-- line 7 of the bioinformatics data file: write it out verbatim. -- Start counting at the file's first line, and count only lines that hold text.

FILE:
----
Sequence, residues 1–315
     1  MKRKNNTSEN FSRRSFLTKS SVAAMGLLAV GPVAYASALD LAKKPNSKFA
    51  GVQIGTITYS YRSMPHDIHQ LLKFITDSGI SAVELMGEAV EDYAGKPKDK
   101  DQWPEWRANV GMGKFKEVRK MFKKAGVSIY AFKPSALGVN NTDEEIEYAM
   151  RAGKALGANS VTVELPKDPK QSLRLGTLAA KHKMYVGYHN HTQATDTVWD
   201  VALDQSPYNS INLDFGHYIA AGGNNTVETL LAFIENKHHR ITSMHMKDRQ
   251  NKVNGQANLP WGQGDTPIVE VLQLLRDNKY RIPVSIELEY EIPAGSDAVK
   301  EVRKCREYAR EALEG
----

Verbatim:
   251  NKVNGQANLP WGQGDTPIVE VLQLLRDNKY RIPVSIELEY EIPAGSDAVK